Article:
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CIA admits it spied on Senate panel

Improperly searched computers used in probe of agency

– CIA employees improperly searched computers used by Senate investigators involved in a multiyear probe of the agency’s use of harsh interrogation measures on terrorism suspects, according to the findings of an internal agency inquiry that prompted CIA Director John Brennan to apologize to lawmakers this week.

The embarrassing admission by the agency stems from a dispute that erupted in public this year when the CIA and the Senate Intelligence Committee traded accusations of illicit spying and security breaches – allegations that led to an extraordinary feud between Brennan and the Senate panel, which oversees his agency.

The conflict centered on special computer network that the CIA set up at a secret office in Northern Virginia to enable committee aides to examine the agency’s internal records of its interrogation program, which involved the use of waterboarding and other brutal techniques before President Barack Obama shut it down in 2009.

A summary of the CIA inspector general’s report obtained by the Washington Post cited 10 agency employees, including two lawyers and three computer specialists, who had searched the committee’s files and read some of the staff’s emails on computers that were supposed to be exclusively for committee investigators.

The document also criticizes the computer team members for a lack of candor about their activities when they were questioned by investigators working for CIA Inspector General David Buckley.

The development comes as the CIA is bracing for the long-awaited release of a committee report that is said to be sharply critical of the agency, finding that it exaggerated the effectiveness of interrogation measures and repeatedly misled members of Congress and the executive branch. The report is expected to be released within weeks.

After briefing committee leaders, Brennan “apologized to them for such actions by CIA officers as described in the (inspector general’s) report,” the agency’s statement said. Brennan also ordered the creation of an internal personnel board, led by former Sen. Evan Bayh, D-Ind., to review the agency employees’ conduct and determine “potential disciplinary measures.”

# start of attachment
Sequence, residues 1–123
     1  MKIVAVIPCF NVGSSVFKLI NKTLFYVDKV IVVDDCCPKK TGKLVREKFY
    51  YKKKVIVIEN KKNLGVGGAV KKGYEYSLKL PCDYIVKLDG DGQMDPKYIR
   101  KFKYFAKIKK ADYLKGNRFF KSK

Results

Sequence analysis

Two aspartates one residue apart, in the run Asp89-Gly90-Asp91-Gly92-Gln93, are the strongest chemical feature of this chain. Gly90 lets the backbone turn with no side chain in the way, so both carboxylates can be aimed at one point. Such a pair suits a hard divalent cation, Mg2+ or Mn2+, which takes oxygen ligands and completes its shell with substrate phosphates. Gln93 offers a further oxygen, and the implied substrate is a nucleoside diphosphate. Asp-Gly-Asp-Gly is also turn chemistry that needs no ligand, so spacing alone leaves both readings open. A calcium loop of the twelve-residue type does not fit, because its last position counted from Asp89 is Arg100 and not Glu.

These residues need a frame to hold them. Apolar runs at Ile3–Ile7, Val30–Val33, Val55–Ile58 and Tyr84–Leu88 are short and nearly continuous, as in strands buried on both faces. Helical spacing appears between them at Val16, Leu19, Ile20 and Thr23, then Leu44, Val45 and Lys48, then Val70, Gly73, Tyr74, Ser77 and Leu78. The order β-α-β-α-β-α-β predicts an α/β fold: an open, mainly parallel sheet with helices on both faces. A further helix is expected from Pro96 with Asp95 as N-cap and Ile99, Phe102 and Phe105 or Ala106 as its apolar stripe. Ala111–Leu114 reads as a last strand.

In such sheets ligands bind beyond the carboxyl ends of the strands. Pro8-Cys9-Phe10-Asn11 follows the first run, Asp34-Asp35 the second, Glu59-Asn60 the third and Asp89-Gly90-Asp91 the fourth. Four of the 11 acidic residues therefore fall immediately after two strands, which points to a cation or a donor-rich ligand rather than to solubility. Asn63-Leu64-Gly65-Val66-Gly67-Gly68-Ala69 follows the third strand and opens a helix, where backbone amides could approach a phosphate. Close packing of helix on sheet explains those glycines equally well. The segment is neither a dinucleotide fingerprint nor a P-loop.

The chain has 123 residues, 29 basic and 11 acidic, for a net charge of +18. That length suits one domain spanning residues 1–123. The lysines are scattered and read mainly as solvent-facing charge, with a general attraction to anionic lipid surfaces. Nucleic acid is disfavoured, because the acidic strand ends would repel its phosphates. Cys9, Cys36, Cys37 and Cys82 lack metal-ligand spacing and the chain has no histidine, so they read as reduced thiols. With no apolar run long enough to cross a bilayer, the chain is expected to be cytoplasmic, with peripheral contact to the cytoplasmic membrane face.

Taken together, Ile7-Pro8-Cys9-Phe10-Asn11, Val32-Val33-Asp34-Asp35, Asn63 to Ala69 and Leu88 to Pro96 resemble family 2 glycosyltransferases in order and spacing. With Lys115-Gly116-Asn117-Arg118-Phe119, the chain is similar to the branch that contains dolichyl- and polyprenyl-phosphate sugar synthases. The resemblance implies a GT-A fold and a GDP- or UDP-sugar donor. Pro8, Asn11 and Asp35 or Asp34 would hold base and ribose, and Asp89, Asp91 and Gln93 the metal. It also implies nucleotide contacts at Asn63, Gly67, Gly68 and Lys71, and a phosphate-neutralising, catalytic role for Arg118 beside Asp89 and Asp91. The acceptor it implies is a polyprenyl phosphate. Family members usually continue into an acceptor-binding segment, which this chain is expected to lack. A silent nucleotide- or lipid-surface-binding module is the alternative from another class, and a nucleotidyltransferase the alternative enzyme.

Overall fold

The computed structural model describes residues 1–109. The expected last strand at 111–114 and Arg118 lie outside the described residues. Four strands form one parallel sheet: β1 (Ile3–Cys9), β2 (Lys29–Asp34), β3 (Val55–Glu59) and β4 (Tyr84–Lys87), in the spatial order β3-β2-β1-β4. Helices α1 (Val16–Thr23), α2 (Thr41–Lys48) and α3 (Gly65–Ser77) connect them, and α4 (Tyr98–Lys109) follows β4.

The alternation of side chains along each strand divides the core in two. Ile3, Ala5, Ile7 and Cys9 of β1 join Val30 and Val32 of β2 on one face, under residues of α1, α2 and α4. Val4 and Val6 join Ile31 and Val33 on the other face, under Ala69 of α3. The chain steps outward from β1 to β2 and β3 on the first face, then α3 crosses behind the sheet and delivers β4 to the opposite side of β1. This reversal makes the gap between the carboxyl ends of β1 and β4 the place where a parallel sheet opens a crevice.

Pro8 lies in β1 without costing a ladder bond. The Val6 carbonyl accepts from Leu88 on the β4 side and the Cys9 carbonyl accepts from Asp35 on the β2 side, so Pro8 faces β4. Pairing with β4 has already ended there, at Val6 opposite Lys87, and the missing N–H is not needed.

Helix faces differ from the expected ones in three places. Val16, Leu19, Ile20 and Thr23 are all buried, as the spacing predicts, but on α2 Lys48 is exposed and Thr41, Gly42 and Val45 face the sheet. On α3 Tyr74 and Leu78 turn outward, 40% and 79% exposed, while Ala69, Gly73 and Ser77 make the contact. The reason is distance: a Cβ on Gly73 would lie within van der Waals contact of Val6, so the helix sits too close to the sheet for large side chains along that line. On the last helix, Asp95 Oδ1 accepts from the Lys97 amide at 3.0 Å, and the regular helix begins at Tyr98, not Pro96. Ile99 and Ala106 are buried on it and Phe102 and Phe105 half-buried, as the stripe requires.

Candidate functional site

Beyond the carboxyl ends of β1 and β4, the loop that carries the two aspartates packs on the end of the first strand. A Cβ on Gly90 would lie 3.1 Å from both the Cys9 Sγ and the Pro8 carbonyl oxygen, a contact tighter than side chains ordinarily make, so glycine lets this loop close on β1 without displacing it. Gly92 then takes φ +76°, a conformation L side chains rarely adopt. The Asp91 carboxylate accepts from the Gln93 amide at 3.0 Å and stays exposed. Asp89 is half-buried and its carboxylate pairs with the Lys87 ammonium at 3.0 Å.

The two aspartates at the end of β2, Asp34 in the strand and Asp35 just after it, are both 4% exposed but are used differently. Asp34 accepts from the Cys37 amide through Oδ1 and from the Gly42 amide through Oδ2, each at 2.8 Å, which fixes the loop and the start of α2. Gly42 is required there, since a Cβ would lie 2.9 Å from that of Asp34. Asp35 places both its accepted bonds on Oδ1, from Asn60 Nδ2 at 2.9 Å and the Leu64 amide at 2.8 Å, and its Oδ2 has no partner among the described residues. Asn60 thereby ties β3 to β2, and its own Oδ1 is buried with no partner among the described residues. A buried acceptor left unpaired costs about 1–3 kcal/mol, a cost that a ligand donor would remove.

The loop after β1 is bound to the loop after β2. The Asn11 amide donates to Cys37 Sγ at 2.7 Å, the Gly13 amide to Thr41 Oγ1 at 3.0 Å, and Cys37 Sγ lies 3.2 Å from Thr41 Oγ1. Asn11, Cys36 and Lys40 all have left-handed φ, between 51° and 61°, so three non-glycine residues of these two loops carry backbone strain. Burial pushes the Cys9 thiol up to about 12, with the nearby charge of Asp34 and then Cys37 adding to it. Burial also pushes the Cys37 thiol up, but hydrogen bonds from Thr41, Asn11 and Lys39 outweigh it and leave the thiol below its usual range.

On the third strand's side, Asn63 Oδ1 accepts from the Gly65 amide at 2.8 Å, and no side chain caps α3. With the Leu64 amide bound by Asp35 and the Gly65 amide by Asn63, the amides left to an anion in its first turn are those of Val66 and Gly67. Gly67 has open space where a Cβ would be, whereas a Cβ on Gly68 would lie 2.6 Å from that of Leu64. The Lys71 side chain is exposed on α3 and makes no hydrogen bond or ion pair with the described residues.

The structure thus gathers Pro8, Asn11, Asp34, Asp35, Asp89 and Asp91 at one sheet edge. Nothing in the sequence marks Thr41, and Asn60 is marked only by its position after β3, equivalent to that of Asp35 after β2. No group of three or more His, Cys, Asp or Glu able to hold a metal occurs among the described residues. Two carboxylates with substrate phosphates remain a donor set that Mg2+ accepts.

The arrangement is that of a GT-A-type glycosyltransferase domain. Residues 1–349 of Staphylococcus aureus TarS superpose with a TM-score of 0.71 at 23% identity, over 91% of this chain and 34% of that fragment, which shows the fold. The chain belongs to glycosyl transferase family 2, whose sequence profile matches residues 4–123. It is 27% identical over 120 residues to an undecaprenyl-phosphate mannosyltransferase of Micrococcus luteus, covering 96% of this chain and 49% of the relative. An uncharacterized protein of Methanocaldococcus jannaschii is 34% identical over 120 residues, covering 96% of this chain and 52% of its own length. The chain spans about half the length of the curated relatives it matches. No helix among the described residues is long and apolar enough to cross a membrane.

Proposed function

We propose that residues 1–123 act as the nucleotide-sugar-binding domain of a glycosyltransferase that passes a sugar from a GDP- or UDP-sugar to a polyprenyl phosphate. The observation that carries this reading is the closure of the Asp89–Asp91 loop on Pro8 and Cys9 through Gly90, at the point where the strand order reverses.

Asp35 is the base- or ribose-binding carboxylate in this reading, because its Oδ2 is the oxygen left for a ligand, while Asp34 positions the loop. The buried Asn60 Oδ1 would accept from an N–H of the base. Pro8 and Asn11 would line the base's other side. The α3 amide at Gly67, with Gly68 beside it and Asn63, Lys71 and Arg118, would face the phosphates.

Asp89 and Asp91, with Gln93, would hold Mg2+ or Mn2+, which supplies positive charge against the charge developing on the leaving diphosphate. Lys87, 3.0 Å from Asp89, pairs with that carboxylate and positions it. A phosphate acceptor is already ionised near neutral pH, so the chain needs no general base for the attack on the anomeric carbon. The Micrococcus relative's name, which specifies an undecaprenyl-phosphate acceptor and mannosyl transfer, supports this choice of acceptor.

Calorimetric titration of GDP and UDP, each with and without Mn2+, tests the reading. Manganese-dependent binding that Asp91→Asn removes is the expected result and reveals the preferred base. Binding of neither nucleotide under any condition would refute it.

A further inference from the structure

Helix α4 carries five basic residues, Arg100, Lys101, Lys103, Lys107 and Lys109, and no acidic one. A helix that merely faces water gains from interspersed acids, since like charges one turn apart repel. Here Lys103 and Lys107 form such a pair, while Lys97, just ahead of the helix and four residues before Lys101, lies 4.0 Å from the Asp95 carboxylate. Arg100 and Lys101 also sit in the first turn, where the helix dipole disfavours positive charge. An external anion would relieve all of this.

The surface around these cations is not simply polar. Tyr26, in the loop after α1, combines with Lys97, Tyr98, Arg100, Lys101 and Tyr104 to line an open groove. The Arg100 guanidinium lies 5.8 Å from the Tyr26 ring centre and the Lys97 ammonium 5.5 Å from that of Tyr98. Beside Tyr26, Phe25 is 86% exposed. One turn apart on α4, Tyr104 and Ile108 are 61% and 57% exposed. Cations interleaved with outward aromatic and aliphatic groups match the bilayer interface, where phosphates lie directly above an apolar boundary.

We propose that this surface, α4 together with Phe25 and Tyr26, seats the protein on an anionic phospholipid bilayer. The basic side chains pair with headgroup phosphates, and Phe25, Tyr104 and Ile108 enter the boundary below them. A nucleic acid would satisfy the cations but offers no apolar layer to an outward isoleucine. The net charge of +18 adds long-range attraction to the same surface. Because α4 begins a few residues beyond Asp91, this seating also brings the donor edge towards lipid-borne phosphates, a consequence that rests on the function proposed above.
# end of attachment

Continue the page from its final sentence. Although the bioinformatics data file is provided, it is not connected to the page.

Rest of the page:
Members of the Senate Intelligence Community expressed vindication but some made clear that their animosity toward Brennan persists.

Sen. Mark Udall, D-Colo., called for Brennan’s resignation. He said he had lost confidence in the director, citing the unprecedented hacking of congressional staff computers, damaging leaks about the committee’s interrogation probe and Brennan’s “abject failure to acknowledge any wrongdoing by the agency.”

Brennan’s apology to lawmakers was in sharp contrast to the defiant position he took when the dispute first surfaced publicly in March. At the time, he warned that lawmakers would regret accusing the agency of wrongdoing.

“When the facts come out on this, I think a lot of people who are claiming that there has been this tremendous sort of spying and monitoring and hacking will be proved wrong,” he said.

Brennan was responding to accusations from Sen. Dianne Feinstein, chair of the Senate Intelligence Committee, and others that the CIA had secretly removed documents from committee computers and attempted to intimidate investigators by requesting an FBI inquiry of their conduct.

Feinstein, D-Calif., described the conflict as a “defining moment” for congressional oversight of spy agencies and cited concerns that the CIA had “violated the separation-of-powers principles embodied in the United States Constitution.”

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